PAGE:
“A precessing molecular jet signaling an obscured, growing supermassive black hole in NGC1377?” by Aalto et al.
Observed high velocity, collimated nuclear outflow from NGC1377, interpreted as a jet. Simple model of precessing nuclear jet fit the observations well (Figure 5). Two likely causes are an SMBH binary, and gas flow with misaligned angular momentum onto warped accretion disk.
Data obtained with ALMA. Used 1.875 GHz bandwidth centered at 344.0 GHz to observe CO 3–2 lines, and 354.3 GHz to observe HCO+ 4–3 and HCN 4–3 lines. Two 2 GHz bandwidth continuum observations centered at 342.2 and 356 GHz.
Precession is the simplest explanation of velocity variations in PV diagram in Figure 3, and is supported by model in Figure 5.
Several possible causes of precession.
- warped accretion disk
- misalignment between SMBH spin and surrounding accretion disk
- accretion flow transporting in gas of misaligned angular momentum
- SMBH binary system
- geodetic precession of primary SMBH spin axis misaligned with binary total angular momentum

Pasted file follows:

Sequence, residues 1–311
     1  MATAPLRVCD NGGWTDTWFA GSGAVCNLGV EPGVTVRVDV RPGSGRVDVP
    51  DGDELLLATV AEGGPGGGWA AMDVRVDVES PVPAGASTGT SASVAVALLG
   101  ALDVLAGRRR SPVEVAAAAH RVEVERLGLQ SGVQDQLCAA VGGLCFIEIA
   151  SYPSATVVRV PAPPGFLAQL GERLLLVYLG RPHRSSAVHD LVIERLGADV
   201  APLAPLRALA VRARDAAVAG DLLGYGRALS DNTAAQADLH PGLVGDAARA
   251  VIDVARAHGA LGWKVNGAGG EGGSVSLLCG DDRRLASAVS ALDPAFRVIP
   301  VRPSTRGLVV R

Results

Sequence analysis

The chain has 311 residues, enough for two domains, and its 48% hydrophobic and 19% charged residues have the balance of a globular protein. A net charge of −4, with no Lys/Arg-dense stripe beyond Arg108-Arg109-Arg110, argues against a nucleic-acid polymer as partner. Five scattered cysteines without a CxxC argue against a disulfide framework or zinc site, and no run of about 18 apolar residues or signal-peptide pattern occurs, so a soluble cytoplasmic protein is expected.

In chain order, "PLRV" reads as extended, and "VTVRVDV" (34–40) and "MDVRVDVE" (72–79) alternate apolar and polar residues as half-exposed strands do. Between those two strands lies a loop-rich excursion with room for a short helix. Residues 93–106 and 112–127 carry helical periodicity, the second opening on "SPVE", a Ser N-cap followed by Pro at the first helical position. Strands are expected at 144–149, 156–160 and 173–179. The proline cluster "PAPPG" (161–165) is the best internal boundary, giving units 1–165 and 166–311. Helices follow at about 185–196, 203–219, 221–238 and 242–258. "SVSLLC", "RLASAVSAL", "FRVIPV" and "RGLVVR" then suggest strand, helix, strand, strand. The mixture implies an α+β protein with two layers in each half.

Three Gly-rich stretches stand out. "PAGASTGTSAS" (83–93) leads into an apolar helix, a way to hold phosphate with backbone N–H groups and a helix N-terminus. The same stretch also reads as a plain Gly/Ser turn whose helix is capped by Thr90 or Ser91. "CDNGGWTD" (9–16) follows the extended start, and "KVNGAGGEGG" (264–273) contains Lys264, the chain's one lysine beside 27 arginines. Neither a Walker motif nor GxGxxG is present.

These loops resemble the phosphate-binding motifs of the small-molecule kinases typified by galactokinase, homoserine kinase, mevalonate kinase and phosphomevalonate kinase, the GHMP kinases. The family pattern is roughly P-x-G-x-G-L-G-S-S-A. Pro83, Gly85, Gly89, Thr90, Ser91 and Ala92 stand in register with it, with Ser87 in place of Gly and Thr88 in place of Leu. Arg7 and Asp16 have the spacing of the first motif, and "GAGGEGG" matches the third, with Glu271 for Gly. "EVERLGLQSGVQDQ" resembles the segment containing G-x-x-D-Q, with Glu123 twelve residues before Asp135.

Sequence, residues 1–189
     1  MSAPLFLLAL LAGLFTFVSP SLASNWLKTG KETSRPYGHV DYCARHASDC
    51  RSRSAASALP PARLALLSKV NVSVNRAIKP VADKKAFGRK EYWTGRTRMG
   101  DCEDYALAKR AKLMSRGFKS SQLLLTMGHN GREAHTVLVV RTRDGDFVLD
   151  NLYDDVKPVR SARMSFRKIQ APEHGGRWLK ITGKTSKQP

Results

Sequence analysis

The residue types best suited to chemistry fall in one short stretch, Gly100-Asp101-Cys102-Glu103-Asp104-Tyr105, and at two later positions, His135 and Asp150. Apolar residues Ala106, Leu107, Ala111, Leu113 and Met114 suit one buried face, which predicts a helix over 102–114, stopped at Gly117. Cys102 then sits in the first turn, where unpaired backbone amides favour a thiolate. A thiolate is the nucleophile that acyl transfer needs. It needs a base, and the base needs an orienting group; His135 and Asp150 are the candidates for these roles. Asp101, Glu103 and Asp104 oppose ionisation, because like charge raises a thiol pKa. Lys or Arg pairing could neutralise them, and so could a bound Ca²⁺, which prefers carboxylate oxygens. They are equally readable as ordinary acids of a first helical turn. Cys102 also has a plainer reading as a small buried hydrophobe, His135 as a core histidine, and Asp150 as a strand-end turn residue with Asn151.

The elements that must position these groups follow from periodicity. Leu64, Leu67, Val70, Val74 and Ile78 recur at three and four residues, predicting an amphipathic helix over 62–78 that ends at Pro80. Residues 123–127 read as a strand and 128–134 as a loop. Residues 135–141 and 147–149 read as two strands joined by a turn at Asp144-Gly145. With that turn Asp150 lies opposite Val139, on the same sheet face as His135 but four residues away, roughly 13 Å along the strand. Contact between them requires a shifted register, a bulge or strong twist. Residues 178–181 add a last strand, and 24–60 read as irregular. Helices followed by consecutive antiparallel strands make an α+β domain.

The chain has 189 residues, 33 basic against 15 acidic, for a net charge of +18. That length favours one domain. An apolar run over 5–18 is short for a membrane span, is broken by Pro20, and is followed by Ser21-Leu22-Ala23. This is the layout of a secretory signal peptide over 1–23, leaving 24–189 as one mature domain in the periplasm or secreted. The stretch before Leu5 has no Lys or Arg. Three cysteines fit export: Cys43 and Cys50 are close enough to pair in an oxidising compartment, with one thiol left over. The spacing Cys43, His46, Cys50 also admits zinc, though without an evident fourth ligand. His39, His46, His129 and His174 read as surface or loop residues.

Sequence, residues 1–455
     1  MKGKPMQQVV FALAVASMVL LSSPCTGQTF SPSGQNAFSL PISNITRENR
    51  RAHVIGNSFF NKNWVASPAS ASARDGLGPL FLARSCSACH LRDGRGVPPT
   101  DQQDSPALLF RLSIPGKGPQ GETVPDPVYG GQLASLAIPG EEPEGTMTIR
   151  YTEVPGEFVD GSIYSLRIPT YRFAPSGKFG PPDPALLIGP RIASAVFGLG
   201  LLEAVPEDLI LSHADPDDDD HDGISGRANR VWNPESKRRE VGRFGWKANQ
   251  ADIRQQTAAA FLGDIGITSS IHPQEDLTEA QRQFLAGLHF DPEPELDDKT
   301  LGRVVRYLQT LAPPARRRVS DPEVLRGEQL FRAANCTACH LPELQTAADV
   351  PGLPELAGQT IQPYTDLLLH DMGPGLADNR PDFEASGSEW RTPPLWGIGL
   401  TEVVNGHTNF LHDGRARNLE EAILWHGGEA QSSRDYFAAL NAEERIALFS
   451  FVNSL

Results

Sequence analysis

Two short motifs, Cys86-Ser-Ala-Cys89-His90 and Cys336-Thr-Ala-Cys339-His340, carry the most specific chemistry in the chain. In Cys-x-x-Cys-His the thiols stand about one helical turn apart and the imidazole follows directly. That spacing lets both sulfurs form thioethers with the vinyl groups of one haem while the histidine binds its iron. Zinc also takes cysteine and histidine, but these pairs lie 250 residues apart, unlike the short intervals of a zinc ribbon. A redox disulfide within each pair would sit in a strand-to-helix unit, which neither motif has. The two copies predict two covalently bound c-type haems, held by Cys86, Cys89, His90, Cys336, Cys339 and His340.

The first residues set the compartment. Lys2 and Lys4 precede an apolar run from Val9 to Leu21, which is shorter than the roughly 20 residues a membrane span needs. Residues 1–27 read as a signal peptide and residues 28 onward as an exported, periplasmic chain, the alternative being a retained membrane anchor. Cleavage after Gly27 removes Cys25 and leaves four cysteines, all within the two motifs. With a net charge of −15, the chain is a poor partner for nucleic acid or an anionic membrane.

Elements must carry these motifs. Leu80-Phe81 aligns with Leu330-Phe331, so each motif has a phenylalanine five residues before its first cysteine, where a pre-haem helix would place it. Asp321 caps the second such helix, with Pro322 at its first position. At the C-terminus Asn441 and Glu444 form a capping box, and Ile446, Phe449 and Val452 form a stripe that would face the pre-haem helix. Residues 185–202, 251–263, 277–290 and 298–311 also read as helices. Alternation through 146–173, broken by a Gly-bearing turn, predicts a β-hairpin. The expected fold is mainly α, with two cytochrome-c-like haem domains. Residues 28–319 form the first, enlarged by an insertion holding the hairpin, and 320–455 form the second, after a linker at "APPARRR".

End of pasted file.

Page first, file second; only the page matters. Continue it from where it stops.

- or inner disk precession (tidal interaction of inclined secondary SMBH)
- binary system further suggested by post-starburst optical spectrum
- suggests aging (1Gyr) starburst
- may be linked with merger event
- dynamical effects of merger subsided, binary SMBH left behind
Precession is not the only possible explanation for velocity variations in PV diagram in Figure 3.
- orbiting object
- single jet from one of two SMBHs in a binary
- or combination of two jets from two SMBHs in a binary
- bicone projection
- apparent precession is only a projection effect from bicone
- Figure 6 contradicts this, does not match predictions from projection
SMBH Binary Implications
If precession is caused by binary SMBH system, has certain implications on coalescence. Presence of nuclear gas and dust concentration, combined with precessing molecular jet can aid coalescence of SMBHs, thereby overcoming the final parsec problem.